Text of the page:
AN INABILITY to access a pornography site was just one of the bizarre reasons that people called 999 over the festive period.

A cat stuck up a tree and a cold takeaway were more outlandish examples of the emergency calls North Wales Police have fielded over recent months.

The information is being made public as North Wales Police highlight their continued #DontTieUpTheLine message to help lessen the amount of unnecessary and inappropriate calls.

Figures in 2017 show that North Wales Police has received almost 410,000 calls; including emergency and non-emergency calls.

Over the festive period (15 December – 3 January) North Wales Police received 4,407 ‘999’ calls and 14,984 ‘101’ calls.

Temporary Superintendent Nick Evans, from the Joint Communications Centre, is urging people to only use the ‘999’ line in an emergency, and ensure that calls to the non-emergency ‘101’ number are for policing matters.

Advice on some non-urgent issues can be found on the force website.

He said: “Each unnecessary call to us reduces time available for calls which are for genuine policing matters.

“Traditionally Christmas and New Year are among the busiest times of year for the police and we are simply asking people to use the 999 system wisely to help ensure a legitimate emergency are prioritised over the festive period.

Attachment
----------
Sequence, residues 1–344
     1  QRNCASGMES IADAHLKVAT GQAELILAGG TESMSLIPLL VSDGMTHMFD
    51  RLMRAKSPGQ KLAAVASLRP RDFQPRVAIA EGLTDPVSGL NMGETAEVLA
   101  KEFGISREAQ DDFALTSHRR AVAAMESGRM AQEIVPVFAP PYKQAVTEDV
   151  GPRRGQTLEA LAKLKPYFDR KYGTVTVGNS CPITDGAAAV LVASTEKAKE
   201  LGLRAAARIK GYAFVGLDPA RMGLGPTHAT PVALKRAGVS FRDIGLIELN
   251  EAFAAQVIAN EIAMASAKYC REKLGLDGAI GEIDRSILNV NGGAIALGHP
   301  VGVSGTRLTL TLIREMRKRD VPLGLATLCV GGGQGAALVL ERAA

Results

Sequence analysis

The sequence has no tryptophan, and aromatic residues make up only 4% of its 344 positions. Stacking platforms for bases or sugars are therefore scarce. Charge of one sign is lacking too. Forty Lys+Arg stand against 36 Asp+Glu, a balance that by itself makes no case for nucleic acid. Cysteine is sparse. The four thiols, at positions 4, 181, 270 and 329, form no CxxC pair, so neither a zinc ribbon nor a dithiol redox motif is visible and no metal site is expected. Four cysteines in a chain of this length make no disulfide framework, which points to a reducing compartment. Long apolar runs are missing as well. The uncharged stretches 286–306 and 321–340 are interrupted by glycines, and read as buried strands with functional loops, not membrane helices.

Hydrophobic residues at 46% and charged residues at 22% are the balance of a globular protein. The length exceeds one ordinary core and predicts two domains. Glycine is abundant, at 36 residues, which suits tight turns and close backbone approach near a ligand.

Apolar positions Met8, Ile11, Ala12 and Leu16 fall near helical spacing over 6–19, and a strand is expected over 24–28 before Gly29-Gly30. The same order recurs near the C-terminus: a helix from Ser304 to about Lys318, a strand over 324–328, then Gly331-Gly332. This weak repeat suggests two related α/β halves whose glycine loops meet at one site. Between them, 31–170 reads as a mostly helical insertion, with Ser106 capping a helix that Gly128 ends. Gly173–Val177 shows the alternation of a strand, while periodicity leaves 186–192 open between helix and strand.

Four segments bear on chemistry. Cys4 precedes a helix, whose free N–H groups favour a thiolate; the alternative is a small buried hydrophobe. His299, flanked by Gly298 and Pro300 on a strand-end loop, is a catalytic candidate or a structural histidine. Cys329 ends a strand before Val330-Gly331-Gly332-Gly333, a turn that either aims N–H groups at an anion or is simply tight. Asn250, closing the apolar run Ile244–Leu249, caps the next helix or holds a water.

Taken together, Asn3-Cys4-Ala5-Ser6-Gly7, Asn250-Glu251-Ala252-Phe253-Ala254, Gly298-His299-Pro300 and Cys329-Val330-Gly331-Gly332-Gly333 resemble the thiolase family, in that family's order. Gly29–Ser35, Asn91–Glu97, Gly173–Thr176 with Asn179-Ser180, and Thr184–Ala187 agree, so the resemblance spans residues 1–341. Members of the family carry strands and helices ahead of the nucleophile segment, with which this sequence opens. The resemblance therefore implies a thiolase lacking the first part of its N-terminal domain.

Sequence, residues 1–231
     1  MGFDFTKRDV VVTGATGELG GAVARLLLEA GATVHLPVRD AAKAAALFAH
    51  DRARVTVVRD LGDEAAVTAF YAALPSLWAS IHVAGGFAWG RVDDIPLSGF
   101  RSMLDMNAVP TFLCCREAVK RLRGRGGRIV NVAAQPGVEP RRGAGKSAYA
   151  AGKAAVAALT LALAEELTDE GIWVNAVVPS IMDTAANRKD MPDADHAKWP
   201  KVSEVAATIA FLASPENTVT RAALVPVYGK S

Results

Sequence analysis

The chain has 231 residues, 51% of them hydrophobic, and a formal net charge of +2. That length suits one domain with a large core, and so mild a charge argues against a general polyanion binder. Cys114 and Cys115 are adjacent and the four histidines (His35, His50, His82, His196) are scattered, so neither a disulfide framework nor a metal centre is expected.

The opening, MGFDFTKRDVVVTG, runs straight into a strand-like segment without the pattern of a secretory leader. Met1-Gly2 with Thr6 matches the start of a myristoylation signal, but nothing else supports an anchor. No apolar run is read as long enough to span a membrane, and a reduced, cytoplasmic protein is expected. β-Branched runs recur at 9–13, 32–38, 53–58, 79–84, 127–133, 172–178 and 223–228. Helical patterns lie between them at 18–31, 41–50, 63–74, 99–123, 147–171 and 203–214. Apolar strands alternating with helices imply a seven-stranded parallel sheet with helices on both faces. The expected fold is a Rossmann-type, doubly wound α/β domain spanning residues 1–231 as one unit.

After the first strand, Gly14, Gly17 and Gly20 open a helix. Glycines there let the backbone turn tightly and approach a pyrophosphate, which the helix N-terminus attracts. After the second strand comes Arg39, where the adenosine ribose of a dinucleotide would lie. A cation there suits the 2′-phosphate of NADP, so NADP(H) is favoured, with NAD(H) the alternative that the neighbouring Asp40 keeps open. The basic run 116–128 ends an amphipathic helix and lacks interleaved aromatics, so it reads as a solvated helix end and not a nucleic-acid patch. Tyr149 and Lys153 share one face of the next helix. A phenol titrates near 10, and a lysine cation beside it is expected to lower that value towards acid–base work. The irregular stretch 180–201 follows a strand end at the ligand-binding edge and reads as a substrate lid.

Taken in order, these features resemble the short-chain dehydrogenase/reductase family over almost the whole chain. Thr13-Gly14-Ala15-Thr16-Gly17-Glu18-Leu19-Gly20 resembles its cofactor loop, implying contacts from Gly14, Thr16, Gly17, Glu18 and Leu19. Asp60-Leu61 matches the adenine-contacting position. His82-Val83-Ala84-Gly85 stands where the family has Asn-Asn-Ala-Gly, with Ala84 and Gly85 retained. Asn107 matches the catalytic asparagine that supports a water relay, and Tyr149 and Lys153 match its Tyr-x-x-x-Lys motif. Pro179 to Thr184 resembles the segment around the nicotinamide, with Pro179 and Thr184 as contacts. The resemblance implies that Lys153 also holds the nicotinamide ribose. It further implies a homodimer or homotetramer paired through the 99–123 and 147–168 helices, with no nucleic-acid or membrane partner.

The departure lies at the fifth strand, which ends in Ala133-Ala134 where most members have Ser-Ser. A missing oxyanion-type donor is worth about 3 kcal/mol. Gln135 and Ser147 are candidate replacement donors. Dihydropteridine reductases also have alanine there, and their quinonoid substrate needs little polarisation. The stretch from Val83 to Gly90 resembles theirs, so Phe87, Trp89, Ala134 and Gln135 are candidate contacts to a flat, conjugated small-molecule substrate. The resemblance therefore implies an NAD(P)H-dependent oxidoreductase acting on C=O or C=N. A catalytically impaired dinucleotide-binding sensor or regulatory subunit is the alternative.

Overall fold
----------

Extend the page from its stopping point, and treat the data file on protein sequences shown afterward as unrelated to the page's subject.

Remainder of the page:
“Phoning 999 – which is an emergency line, for trivial matters such as to report a cat stuck up a tree is a complete waste of resources, and could possibly prevent a genuine life or death emergency call being put through.”

Other previous examples of inappropriate calls made to North Wales Police have included request for taxis, a broken television set and someone coughing their cigarette out of their mouth.

There has also been a recent spate of children phoning 999 from payphones and one example includes a child phoning 999 whilst being taught by Mum who was teaching her child regarding how and when to use the system.

As well as the 101 non-emergency line North Wales Police also offer live webchat for people to contact officers online for non-urgent matters.

This is operational 24 hours a day, seven days a week.

The force recognises that people may not always want or need to call them on the phone so other options are offered, including e-mail and online reporting forms.

Supt Evans said: “We strive to answer all calls as quickly as possible, but due to the variable volume of calls in to police communication centres, waiting times for the non-emergency line will vary.

“For example an RTC on a main trunk road will result in a particularly large call volume. ‘999’ calls will always be prioritised but please do not be tempted to misuse the number for routine matters, as such callers will simply be advised to call back on the non-emergency number.

“We do have powers to prosecute people for misusing the 999 system and if people are found to be consistently making hoax calls they could face prosecution.”